At Risk of Arrest, Prominent Iraqis Call for Peace with Israel

Sept. 27 2021

At a conference held last Friday in the Iraqi city of Erbil, some 300 activists and tribal leaders expressed their support for normalizing relations with the Jewish state, and for engaging in outreach to the Jewish Diaspora. Sahar Karim al-Ta’i, a high-ranking official in the Iraqi government and a key figure at the conference, spoke about the issue with Lazar Berman:

“I was raised in a family that instilled in us the principle of freedom of expression and freedom of conscience, that we should say what we feel and what we believe,” [Ta’i] said.

Ta’i insisted that she was not afraid of any consequences for her personal safety. “It is precisely because of these elements—terrorism, violence—that [it is] necessary to take a decisive step,” she stressed. “My family was not altogether relaxed about [my endorsing peace with Israel]; they worried about me. There are dangers to expressing these kinds of ideas. Yet nonetheless this is my conviction and this is my decision.”

“We can live under the repression of terrorism or we can die with courage,” she said.

Ta’i believes that her advocacy, and that of her colleagues in the Erbil conference, will ultimately influence Iraqi policy. . . . And if Iraq’s leaders do not act, Ta’i is ready to keep the pressure on. “We will bring [about peace] through public activism [and will persist] until that result is achieved,” she said.

Muqtada al-Sadr, one of Iraq’s most influential Shiite clerics, promptly condemned this “Zionist terrorist” conference. Yesterday, a court in Baghdad issued a warrant for Ta’i’s arrest, while the government called for the detention of all the attendees.

Read more at Times of Israel

More about: Iraq, Israel-Arab relations


Israel’s Covert War on Iran’s Nuclear Program Is Impressive. But Is It Successful?

Sept. 26 2023

The Mossad’s heist of a vast Iranian nuclear archive in 2018 provided abundant evidence that Tehran was not adhering to its commitments; it also provided an enormous amount of actionable intelligence. Two years later, Israel responded to international inspectors’ condemnation of the Islamic Republic’s violations by using this intelligence to launch a spectacular campaign of sabotage—a campaign that is the subject of Target Tehran, by Yonah Jeremy Bob and Ilan Evyatar. David Adesnik writes:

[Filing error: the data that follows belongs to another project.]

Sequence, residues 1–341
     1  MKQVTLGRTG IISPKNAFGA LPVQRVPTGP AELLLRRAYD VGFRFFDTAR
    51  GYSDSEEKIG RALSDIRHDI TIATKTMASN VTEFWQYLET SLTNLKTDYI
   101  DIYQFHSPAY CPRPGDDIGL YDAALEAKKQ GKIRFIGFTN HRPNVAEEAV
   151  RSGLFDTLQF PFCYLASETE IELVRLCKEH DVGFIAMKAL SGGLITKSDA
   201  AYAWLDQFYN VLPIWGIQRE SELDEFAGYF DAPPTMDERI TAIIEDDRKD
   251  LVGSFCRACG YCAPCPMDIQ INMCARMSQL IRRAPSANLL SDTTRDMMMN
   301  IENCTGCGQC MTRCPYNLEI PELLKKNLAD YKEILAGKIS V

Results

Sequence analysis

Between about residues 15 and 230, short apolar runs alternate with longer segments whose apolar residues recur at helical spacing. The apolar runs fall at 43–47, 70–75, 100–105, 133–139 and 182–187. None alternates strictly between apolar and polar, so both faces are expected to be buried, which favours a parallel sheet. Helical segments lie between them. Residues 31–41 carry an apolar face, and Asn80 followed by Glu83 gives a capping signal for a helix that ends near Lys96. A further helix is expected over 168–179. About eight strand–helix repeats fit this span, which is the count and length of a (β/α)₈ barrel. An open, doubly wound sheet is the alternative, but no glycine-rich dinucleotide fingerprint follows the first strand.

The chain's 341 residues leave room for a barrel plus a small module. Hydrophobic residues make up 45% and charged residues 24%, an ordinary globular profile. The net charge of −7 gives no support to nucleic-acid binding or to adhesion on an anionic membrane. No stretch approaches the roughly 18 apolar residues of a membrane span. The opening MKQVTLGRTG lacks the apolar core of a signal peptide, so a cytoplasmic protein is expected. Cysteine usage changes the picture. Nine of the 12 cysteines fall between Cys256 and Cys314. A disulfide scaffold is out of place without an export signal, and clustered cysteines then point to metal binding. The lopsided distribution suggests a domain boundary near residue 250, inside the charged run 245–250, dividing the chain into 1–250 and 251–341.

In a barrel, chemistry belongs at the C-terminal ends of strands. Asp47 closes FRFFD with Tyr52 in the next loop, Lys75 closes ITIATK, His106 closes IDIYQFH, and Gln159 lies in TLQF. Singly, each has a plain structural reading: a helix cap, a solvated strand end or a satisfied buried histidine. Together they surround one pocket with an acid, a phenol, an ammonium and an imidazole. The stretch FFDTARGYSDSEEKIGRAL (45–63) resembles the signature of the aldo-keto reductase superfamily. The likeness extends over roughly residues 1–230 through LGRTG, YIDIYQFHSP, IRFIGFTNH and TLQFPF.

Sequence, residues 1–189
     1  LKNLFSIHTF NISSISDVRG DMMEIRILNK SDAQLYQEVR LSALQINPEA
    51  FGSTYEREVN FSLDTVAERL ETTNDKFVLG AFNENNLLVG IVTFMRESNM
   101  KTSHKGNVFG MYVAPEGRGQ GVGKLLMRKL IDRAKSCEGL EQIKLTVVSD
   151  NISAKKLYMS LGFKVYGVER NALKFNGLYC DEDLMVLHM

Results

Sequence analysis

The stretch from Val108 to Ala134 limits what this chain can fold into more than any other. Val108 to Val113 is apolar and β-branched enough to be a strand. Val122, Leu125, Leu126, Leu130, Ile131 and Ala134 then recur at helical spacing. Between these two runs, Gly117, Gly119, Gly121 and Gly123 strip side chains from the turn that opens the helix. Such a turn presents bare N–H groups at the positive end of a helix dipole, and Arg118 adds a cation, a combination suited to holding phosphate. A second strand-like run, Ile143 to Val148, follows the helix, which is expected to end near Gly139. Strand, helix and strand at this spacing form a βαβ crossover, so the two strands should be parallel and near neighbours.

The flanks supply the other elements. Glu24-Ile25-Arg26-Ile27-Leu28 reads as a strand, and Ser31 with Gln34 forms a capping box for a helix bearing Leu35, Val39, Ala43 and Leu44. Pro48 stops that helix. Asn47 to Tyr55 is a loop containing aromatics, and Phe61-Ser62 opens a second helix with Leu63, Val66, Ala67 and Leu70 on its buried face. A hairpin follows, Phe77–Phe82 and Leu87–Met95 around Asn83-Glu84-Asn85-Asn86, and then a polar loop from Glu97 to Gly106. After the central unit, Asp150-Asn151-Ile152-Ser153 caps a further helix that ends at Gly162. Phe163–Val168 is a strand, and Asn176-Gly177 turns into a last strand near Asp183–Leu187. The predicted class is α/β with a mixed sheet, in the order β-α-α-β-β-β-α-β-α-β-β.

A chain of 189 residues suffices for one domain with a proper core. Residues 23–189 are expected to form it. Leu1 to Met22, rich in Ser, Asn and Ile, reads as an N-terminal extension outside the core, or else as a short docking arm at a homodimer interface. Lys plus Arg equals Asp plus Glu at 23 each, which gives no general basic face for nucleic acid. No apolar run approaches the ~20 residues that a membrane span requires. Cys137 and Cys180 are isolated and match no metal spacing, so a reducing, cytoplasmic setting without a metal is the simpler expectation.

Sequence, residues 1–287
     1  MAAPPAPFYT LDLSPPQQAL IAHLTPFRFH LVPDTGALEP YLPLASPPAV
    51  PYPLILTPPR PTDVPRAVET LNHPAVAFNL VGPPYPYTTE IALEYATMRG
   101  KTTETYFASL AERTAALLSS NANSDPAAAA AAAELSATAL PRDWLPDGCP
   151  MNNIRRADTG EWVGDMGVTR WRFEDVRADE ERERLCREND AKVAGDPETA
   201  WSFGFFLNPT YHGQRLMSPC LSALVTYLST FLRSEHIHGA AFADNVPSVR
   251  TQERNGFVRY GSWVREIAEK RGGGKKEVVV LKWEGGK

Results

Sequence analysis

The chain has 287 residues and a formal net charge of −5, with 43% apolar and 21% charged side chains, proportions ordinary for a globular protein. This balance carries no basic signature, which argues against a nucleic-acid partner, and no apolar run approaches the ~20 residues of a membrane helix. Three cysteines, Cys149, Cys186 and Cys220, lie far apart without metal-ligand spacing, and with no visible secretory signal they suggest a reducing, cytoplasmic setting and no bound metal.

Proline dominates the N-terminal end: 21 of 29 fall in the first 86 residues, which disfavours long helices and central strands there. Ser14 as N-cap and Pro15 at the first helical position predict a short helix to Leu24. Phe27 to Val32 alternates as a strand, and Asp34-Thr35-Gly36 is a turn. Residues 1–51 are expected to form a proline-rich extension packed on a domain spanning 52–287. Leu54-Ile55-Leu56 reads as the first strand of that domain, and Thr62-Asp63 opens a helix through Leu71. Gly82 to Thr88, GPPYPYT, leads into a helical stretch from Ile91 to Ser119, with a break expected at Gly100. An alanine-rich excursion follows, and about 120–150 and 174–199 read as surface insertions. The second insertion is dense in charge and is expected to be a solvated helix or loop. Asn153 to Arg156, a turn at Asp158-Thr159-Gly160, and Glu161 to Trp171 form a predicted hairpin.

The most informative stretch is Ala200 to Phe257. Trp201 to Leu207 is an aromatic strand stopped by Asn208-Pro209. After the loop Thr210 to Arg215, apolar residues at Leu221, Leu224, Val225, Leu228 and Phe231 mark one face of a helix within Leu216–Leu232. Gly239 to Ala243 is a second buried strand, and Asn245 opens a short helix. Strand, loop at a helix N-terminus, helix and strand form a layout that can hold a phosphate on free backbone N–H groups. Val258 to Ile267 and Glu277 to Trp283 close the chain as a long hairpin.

The question that remains open at the conclusion of Target Tehran is whether the Mossad’s tactical wizardry adds up to strategic success in the shadow war with Iran. The authors give a very respectful hearing to skeptics—such as the former Mossad director Tamir Pardo—who believe the country should have embraced the 2015 nuclear deal with Iran. Bob and Evyatar reject that position, arguing that covert action has proven itself the best way to slow down the nuclear program. They acknowledge, however, that the clerical regime remains fully determined to reach the nuclear threshold. “The Mossad’s secret war, in other words, is not over. Indeed, it may never end,” they write.

Which brings us back to Joe Biden. The clerical regime was headed over a financial cliff when Biden took office, thanks to the reimposition of sanctions after Washington withdrew from the nuclear deal. The billions flowing into Iran on Biden’s watch have made it that much easier for the regime to rebuild whatever Mossad destroys in addition to weathering nationwide protests on behalf of women, life, and freedom. Until Washington and Jerusalem get on the same page—and stay there—Tehran’s nuclear ambitions will remain an affordable luxury for a dictatorship at war with its citizens.

Read more at Dispatch

More about: Iran nuclear program, Israeli Security, Joseph Biden, Mossad, U.S. Foreign policy